School districts began to bypass other forms of discipline, such as counseling and detention, and opted for more extreme punishment alternatives, such as suspension, expulsion, and law enforcement involvement. The results were students were removed from schools or arrested for minor infractions such as tardiness or throwing candy in class.

“We’ve done away with the phrase ‘zero-tolerance,’” said Israel, who earlier this year unilaterally directed his deputies to invoke a little used state law allowing for “Civil Citation” as a means of reducing the number of juvenile arrests.

Speaking at a press conference held at the NAACP’s Ft. Lauderdale office on Monday, Israel said, “Kids will now get second, third and fourth chances. Students will not become collateral damage of the way things used to be.”
The agreement signed Tuesday will have a significant impact on black and other minority students who have been disproportionately affected by the “zero-tolerance” policy, resulting in mass incarceration and creating a vicious cycle for students and their families that has come to be known as the school-to-prison pipeline.

Broward County Schools, the nation’s sixth largest school district, is now a leader in the discipline reform movement. About 100,000 of Broward County’s 260,000 students are black but they have been suspended at more than twice the rate of white students. According to the U.S. Department of Education’s Civil Rights Data Collection, Broward Schools imposed in-school suspensions on 11,810 black students  in 2009, or about 12 percent of the black student population. There were also 5,135 out-of-school suspensions for black students. In 2010 and 2011, there were more than 1,000 school-related arrests and nearly three-quarters of them were for non-violent misdemeanors.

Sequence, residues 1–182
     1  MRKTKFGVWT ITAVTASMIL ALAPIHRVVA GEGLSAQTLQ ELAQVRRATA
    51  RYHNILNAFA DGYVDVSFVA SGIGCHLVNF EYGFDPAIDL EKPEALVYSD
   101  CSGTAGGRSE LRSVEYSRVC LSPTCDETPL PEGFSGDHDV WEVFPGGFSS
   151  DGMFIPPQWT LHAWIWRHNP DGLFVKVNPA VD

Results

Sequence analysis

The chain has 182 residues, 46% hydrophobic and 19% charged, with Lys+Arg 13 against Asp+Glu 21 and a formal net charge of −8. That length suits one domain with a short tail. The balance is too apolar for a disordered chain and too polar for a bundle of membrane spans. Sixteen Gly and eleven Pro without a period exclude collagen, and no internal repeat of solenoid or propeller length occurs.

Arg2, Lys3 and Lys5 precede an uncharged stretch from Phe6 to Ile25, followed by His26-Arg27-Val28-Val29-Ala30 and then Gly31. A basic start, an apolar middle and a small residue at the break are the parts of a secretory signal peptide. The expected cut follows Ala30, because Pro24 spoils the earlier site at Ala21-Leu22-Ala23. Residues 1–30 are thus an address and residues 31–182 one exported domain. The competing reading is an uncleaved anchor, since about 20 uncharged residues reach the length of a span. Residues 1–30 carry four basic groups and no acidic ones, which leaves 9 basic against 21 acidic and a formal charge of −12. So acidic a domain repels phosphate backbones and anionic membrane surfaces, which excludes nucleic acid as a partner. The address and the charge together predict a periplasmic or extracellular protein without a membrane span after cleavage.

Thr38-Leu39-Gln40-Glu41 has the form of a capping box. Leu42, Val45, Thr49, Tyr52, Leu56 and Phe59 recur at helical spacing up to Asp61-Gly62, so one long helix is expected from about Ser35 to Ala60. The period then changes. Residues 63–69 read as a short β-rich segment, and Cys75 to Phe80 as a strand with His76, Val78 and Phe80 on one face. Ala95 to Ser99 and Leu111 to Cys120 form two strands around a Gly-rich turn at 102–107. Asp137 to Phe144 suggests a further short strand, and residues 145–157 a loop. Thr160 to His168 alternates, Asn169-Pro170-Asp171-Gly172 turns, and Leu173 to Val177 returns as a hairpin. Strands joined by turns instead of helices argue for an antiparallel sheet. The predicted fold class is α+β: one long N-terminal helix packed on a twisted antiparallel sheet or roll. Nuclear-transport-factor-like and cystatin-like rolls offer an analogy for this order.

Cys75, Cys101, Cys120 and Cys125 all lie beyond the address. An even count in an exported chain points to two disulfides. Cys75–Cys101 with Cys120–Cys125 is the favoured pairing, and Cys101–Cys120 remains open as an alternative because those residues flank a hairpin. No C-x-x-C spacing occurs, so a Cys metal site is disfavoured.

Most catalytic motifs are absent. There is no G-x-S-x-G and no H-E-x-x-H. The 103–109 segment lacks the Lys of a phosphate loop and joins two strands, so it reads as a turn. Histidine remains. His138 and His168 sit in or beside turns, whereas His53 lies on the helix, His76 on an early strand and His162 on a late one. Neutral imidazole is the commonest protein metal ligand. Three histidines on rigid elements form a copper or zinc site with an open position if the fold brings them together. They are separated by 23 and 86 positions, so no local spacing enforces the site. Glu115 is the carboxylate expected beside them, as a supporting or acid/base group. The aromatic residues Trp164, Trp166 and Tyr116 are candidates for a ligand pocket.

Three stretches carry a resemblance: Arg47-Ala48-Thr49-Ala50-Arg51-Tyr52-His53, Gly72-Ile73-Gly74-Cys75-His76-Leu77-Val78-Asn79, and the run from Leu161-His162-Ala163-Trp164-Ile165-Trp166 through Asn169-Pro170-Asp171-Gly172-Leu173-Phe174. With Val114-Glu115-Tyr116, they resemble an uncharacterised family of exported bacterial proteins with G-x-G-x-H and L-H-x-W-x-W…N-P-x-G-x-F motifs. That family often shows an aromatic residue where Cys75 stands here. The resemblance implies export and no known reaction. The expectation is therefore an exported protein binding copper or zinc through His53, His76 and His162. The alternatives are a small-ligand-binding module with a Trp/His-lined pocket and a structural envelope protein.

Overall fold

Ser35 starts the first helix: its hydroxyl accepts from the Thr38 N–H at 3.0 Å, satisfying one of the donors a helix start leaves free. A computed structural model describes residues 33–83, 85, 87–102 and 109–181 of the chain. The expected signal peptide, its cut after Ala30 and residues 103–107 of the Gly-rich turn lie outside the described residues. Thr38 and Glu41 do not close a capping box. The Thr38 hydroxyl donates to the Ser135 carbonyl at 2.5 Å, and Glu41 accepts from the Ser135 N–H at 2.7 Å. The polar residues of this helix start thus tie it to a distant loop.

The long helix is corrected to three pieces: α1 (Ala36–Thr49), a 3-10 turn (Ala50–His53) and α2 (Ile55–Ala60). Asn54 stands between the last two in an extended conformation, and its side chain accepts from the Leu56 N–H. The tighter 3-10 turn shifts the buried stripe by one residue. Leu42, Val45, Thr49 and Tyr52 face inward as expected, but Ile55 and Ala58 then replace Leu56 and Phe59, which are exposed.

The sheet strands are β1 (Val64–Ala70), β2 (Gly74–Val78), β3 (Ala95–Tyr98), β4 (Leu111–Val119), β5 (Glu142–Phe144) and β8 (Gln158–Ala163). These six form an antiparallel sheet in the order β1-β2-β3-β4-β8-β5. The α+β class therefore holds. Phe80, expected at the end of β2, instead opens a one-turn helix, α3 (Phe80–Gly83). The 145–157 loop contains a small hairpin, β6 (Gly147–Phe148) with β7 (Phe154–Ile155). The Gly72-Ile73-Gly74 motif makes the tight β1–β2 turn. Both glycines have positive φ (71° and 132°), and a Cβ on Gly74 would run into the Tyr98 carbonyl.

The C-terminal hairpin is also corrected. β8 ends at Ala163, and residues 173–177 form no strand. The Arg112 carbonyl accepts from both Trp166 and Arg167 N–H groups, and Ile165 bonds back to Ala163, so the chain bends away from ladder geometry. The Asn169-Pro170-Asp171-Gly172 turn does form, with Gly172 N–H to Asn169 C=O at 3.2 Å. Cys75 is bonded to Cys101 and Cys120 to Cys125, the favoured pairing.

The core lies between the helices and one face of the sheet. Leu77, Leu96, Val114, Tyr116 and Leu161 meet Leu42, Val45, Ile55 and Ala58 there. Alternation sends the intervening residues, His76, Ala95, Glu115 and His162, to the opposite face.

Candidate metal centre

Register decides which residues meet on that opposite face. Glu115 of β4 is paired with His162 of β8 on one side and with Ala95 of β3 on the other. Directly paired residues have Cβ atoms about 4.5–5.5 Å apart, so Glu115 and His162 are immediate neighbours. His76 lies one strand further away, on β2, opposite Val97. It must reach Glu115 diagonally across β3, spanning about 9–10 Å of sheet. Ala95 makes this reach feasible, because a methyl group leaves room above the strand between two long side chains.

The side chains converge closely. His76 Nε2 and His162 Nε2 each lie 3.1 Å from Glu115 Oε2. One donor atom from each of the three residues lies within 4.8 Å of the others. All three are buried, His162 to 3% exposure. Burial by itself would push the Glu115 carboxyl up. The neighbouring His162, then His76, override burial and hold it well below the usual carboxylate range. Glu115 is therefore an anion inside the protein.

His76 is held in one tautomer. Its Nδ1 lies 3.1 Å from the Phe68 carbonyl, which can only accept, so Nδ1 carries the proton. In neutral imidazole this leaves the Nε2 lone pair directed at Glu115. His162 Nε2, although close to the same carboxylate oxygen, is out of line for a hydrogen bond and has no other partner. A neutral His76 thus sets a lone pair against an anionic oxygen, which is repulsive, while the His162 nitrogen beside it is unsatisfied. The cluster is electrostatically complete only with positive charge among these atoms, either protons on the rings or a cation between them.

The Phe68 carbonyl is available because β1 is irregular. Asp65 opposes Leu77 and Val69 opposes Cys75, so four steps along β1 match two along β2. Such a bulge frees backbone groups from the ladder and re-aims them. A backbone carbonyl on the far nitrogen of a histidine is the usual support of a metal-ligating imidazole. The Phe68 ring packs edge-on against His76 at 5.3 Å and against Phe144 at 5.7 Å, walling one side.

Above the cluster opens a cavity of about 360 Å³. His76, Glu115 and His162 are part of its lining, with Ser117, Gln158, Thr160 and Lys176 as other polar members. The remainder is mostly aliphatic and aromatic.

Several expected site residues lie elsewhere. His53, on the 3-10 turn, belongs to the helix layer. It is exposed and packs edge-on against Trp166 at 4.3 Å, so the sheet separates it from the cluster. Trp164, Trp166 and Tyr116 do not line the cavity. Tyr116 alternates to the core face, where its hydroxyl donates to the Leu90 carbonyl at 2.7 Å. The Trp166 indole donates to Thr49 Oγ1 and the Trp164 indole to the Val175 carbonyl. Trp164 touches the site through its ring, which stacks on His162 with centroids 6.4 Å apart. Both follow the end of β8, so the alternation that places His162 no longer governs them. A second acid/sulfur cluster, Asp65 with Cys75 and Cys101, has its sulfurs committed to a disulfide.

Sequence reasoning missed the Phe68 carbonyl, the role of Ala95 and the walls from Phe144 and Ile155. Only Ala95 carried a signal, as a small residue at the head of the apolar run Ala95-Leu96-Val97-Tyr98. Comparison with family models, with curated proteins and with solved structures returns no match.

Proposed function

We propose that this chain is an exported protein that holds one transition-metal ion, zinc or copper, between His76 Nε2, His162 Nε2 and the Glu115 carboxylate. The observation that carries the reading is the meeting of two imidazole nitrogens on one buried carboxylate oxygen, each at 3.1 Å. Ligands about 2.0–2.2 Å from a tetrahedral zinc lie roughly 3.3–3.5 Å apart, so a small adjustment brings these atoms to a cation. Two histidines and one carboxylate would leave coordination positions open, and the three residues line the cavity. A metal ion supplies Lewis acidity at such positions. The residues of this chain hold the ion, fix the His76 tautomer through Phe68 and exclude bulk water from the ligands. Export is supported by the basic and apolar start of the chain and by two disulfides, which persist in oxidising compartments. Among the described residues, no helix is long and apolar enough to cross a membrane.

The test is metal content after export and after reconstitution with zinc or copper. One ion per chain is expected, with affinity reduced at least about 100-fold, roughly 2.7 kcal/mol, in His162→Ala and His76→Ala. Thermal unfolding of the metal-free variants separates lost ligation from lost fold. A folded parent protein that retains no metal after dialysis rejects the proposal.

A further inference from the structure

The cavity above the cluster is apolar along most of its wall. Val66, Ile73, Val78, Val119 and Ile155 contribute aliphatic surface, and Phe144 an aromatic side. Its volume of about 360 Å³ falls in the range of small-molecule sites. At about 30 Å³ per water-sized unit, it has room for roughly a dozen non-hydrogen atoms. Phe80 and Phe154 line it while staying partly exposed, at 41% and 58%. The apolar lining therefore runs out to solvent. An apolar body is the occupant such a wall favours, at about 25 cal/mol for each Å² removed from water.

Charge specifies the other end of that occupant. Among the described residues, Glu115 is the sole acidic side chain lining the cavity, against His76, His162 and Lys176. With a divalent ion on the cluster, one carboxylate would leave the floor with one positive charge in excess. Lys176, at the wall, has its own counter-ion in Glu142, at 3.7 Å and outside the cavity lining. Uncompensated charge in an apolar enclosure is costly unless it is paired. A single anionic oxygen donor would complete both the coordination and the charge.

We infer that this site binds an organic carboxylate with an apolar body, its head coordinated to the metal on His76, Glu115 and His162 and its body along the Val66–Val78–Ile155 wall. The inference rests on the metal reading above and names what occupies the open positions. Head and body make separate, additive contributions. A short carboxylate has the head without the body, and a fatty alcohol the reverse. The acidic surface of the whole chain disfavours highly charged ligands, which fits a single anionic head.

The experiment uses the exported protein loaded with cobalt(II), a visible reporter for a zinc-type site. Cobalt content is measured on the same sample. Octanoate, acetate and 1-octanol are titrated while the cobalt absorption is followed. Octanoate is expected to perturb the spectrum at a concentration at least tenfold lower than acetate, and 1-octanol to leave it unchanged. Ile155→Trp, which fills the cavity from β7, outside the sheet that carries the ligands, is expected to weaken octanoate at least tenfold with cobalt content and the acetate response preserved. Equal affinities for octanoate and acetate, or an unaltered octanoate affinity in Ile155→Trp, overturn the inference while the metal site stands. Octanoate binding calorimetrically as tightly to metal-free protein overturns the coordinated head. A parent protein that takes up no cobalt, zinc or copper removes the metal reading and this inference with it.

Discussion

“Broward County has set an example that we can use as a template that we can take across the country,” said Kim Keenan, NAACP general counsel. “Without an agreement like this today, what we have is a world that, instead of focusing on educating our students, we are focused on shipping them off to juvenile detention centers and that’s not what we send kids to school for. We are not training them to be criminals; we are training them to be productive citizens in the great state of Florida.”

As part of the agreement, Broward Schools will continue to establish and implement guidelines for the handling of school-based student misbehavior.  The district reported that it has already seen positive results, including a decrease in suspensions by 66.2 percent, compared to the same time period in 2012. Expulsion is down by 51.4 percent and school-related arrests by 40.7 percent.

“We are going to take this model and run with it,” said Adora Obi Nweze, president of the NAACP Florida State Conference and also the

Miami-Dade branch. “The NAACP can take this model in all of our branches and make it their own. We now have the foundation to save a generation of youth of color from the criminal justice system. This would not be possible without the leadership of our Fort Lauderdale/ Broward Branch.”